The process of creating a Comic Book is a steep learning curve. Each step seems to involve a whole new mindset. But it's great fun trying.
Over half the lifetime of my kids, I have been creating a magical world featuring a strange lad called Timo. To give you an idea of how long it has taken, originally his name was Nemo, then Pixar went and spoiled it all. Armed with a new title, his World grew ever larger in my head, but I was really keen to get this part of his story made as a short film.
Meeting up with Bethan Davies, seasoned author and screenwriter, Timo actually got pinned down and streamlined into the story it is now. As a sensitive story editor, Bethan worked through the text so that the characters and narrative remained, but the flow worked in a more focussed way. It was brilliant to give it the polish it needed to go forward.
Despite workshopping the screenplay, the idea of a short film was always being put on hold, as work commitments constantly got in the way.
Tired of waiting to produce a BAFTA winner, I rethought the storyboard as a Comic book and that is where we are now. Grabbing Dom Tsoi, a talented fine artist hot foot from university, I decided to get this thing done. Since September 2015 we have worked through the story and learnt how to make a comic!
Every page goes through a series of steps. I create a rough outline of how the frame appears in my head and Dom has the tricky task of interpreting it into one of his rough sketches. We hone it down still further until a final line drawing appears. When it's all good to go, Dom inks the final page and I scan it at very high resolution (thanks to Katie and the lovely chaps at OSP Productions in Chepstow) so it's ready for Photoshop. Next shading and colour are added, which is an entire art in itself.
Even the speech bubbles turned out to be far more complex than I thought. Hand lettering was not an option, but the Comic Sans on the Mac was dreadful. I turned to purchasing a custom Comic lettering font, named after the legendary artist Dave Gibbons and suddenly it's looking cool.
Book size was another aspect we had not really considered. Straight off the bat we created every page on A3 at 300 dpi. I understood that CMYK was important for printing, so we were all over that, however, it soon became clear that the classic size we had chosen was actually a slightly different aspect to the A format. There followed hours reverse engineering each panel to make it fit the page. Typically from disaster there emerged revelation. Spacing panels to solve a layout problem revealed some negative space which gave rise to my favourite panel, Timo's eyes framed in black.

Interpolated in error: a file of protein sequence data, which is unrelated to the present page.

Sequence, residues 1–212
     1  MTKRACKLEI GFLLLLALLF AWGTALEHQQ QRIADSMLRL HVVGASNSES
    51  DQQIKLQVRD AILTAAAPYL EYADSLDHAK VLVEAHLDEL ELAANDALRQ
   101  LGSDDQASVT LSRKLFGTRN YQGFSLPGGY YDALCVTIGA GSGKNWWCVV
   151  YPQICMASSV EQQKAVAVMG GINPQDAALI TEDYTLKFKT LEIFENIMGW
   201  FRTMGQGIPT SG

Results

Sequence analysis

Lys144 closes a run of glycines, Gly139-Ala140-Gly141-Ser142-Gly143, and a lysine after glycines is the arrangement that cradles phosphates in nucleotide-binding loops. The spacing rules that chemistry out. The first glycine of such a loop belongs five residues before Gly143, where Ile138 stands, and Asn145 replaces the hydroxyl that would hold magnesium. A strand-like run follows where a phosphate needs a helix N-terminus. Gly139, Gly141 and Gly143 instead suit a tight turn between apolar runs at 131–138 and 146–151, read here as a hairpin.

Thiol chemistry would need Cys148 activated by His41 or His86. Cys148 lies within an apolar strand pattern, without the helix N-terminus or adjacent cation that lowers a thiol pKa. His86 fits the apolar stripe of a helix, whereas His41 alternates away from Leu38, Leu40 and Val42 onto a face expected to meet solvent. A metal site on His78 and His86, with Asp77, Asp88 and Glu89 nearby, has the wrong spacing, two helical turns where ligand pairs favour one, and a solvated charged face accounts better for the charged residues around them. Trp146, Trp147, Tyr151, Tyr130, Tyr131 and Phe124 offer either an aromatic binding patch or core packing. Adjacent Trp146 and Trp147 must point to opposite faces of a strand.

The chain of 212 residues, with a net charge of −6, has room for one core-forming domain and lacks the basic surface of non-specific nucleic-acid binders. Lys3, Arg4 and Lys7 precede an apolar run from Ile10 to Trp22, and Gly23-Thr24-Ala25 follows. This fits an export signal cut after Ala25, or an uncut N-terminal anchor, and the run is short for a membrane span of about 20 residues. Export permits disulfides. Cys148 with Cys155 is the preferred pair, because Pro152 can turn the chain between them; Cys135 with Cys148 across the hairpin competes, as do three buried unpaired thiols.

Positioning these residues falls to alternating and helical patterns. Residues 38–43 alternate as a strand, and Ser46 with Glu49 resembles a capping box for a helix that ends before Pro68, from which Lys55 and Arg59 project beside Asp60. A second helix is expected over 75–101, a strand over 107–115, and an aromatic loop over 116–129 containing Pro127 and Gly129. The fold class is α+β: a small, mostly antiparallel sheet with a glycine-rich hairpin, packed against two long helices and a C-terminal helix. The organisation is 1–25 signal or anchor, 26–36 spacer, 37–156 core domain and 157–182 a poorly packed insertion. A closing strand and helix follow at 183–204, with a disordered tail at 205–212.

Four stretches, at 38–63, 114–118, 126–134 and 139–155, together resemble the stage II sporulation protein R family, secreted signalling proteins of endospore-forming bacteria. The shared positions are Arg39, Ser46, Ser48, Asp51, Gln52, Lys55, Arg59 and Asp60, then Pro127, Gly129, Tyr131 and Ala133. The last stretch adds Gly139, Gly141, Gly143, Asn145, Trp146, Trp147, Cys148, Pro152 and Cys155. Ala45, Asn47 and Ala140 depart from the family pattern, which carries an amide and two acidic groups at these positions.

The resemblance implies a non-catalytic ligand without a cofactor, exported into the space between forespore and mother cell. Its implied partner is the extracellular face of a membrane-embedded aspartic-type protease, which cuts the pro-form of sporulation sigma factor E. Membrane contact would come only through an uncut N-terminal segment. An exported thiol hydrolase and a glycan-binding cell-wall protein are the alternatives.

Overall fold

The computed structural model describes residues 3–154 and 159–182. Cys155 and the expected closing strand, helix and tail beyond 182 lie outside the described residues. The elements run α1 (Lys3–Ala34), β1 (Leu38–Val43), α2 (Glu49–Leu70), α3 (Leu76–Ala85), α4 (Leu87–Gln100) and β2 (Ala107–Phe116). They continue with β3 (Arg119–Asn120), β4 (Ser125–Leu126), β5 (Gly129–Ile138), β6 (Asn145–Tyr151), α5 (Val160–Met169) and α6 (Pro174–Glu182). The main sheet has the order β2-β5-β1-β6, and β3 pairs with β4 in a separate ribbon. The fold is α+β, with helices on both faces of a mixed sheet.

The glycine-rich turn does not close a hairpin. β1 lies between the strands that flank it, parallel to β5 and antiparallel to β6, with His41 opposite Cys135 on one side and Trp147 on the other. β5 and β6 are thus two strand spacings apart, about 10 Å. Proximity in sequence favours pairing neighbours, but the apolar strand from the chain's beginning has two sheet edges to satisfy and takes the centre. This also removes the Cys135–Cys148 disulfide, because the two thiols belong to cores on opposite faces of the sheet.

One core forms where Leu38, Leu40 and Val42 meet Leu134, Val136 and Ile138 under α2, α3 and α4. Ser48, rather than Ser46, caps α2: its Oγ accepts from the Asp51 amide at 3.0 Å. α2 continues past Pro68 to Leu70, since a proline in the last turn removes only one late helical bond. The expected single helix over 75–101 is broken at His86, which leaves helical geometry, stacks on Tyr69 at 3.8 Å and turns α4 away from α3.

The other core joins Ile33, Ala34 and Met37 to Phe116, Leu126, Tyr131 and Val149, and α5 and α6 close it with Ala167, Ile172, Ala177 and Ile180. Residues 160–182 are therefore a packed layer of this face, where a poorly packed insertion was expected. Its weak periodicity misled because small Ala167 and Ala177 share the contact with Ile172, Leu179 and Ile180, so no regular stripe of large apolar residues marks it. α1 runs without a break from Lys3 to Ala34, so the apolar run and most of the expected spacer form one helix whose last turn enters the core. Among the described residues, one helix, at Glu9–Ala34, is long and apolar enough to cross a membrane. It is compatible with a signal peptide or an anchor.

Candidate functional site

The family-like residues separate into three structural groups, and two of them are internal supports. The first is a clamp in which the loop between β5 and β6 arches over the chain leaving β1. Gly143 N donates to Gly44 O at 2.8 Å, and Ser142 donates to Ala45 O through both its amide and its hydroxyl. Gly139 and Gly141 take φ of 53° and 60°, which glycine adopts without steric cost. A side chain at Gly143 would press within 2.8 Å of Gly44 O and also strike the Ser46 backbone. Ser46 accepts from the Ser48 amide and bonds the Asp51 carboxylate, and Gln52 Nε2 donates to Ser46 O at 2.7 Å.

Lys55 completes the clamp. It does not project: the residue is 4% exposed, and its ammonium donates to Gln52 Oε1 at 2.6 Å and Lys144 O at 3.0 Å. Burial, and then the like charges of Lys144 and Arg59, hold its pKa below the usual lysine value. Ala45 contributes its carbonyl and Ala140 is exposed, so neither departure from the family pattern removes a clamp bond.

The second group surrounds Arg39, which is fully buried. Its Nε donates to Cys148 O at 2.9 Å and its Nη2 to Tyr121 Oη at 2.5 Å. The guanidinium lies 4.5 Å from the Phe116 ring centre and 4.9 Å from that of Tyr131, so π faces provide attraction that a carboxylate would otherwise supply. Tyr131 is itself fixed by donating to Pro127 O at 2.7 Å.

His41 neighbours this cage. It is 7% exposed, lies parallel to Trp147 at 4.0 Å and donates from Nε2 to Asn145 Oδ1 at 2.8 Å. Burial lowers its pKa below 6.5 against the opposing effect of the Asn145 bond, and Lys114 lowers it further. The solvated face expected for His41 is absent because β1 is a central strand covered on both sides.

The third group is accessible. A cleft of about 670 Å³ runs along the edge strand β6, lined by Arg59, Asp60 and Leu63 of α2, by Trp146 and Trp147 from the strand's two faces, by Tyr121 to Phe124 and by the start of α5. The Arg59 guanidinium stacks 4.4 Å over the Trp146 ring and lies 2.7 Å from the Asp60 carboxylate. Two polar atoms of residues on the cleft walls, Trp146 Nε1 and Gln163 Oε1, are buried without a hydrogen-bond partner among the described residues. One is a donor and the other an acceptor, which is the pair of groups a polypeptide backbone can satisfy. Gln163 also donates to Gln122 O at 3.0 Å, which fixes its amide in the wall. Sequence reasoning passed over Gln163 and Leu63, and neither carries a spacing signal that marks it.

Printing was the final challenge. Initially everyone I approached tried twisting it into a category that they were able to produce, there wasn't an obvious specialist who understood quite what a comic should look and actually feel like. Dom and I spent days trying to work out what sort of paper stock could achieve this.
After a few weeks of research, one voice was head and shoulders above for me. The master of all things print, Richard at Comicprintinguk basically took it from here. All my newbie idiot questions were answered with grace and the product was outstanding. The only compromise was paper thickness. As I couldn't afford Offset printing, digital was the way forward and that didn't allow really thin paper. Rich got as near as he could, explaining the pros and cons along the way. He was quite literally on the same page on this!
As with every new venture, mistakes will be made. I didn't disappoint in that department. The first print run was a beauty, however we had spent so much time worrying about image quality, I had ignored another important aspect... erm the text. There were some howling spelling errors, but more importantly, the print text appeared much larger than they had on screen. I never wanted the tiny text some comics use, but this was pretty huge. Reducing the font by 2 points allowed more room for the illustrations and a full spell check was triple checked before we had a another crack. Many of my loyal supporters cling to their first run copies in the vain hope they will be worth millions in a few years when this all goes Harry Potter and collectors will be seeking out the rarest of memorabilia!
So bringing this up to date. Part two is now on the shelves and thoughts are turning to book two. Many lessons learned en route to uncovering the Myth of the K'inti. I hope you will join us.